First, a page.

Consciousness & meaning

Why can’t we access other forms of consciousness usually? And what role do they play in spirituality and the search for meaning on this floating rock we all live on? I don’t know, and that is a-okay. 

I feel like the brain is such a mysterious part of the body in that it can’t – in my opinion – be objectively observed, because one’s internal world is innately subjective. Because of this I feel like psychology is a bit of a weird science, ’cause there’s always this conflict between the subjective experience vs objective observation. With all of these conflicting paradigms within the one science it’s really hard to agree on anything. Maybe psychology is just an area of science that’s never gonna be completely understood?

I feel that the same principle applies to spirituality. Just to be clear, I don’t (as of yet) I agree with any strict religion, but I wouldn’t consider myself atheist due to my experience with psychedelics. These have led me to a distinct conclusion that there is “something else”. Maybe not in a literal sense, and in what exact sense I’m not exactly sure.

I get the feeling that there are multiple nonphysical “worlds” that exist within spiritual or incomprehensible paradigms overlapping simultaneously with our dimensions. And also, similar to most religions – I believe in a loose concept of good and evil forces. (Personally, I believe that religion is simply an interpretation of an innate human recognition of these forces, but that’s another thought tangent entirely).

I believe that these worlds overlap in ways we can’t comprehend within a sober mind frame. However, these are the worlds that I believe we are able to “tap into” through the use of psychedelics (along with meditation and other practises). In Doors of Perception, Aldous Huxley puts this notion perfectly. He uses the metaphor of our sober brain as a “reducing valve”. This notion suggests that our everyday consciousness is funnelled into a tiny range of sensory perception to allow us to operate – simply put, our brain gets rid of all the “useless”, confusing sensory input that would other wise make it harder to function in a world where it is important to be able to find food, recognise basic symbols and interpret language etc. Whilst the extremes of conscious perception found within psychedelic experiences may prove interesting from a spiritual perspective, they do not provide benefit to our everyday existence, and thus we block it out.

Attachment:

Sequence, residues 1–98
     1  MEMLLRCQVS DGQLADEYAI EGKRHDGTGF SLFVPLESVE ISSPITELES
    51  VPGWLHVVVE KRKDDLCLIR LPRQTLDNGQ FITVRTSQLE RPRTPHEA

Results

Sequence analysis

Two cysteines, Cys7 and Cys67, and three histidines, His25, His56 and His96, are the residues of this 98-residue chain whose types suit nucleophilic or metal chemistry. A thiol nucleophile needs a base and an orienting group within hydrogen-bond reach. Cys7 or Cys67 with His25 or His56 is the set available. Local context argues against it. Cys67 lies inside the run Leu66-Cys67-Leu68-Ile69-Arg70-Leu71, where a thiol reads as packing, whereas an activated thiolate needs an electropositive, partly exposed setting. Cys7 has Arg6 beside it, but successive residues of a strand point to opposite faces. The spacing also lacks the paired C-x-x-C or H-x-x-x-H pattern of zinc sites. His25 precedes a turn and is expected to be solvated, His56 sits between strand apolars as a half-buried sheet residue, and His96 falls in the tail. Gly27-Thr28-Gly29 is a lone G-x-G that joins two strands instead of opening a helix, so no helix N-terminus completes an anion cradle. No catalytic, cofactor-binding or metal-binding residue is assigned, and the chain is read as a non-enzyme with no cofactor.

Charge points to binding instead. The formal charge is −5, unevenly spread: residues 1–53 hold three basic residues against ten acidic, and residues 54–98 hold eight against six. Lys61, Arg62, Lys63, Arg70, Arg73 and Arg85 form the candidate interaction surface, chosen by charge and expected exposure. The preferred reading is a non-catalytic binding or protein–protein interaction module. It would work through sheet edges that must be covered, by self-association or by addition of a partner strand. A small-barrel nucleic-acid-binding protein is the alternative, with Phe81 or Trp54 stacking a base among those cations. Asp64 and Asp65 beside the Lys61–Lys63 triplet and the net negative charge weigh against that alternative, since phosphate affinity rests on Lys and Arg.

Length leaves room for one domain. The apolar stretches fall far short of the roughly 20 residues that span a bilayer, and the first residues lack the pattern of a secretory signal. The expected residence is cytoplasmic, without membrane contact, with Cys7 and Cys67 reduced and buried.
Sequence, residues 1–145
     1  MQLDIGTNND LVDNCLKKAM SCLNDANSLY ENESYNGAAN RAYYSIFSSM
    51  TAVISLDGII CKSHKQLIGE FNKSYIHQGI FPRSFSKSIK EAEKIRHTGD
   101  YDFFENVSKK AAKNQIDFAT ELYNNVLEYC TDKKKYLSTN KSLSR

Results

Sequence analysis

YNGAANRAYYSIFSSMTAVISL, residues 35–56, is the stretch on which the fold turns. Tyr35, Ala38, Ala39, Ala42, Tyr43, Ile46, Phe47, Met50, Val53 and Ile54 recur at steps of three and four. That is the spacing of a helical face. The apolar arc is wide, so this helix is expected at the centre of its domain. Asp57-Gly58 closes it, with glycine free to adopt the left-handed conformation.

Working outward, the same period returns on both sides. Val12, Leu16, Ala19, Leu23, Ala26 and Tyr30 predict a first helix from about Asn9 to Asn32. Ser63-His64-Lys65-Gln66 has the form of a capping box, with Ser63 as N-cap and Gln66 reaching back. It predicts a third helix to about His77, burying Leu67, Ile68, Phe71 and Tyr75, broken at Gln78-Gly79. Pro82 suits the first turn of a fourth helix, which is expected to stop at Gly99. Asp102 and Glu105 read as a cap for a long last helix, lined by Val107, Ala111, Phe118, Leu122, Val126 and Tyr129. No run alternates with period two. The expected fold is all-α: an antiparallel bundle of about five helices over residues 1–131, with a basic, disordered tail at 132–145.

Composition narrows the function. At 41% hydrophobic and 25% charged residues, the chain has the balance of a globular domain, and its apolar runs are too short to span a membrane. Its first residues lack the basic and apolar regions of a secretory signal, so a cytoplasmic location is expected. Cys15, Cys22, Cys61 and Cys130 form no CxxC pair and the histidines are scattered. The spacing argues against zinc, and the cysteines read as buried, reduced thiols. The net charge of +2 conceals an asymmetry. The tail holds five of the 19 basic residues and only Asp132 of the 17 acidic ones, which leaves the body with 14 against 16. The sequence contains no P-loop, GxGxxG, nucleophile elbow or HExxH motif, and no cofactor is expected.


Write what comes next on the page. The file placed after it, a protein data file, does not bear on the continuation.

During consciousness expanding experiences, we are able to comprehend the usually incomprehensible. Reportage of contact with divine beings, combined with strong feelings of spirituality and cosmic connectedness are characteristic of the psychedelic experience. To say that these experiences are merely projections of the brain may be valid. However is it possible that our brains simply “make up” these images? Or do they simply bring deeper parts of our consciousness, previously inaccessible, to the fore?

I can’t with complete confidence answer these questions. And these questions cannot be answered until science re-adopts the use of psychedelics. Until then, we’ll never fully understand our brains, let alone their role within the context of the “bigger mysteries” of the world.

Who knows, maybe the inherent nature of spirituality requires and element of imperceptibility, and that is what is crucial to it’s innate mystery… something beyond human comprehension.

happyhealthy (1)

❥ Keep it real ❥

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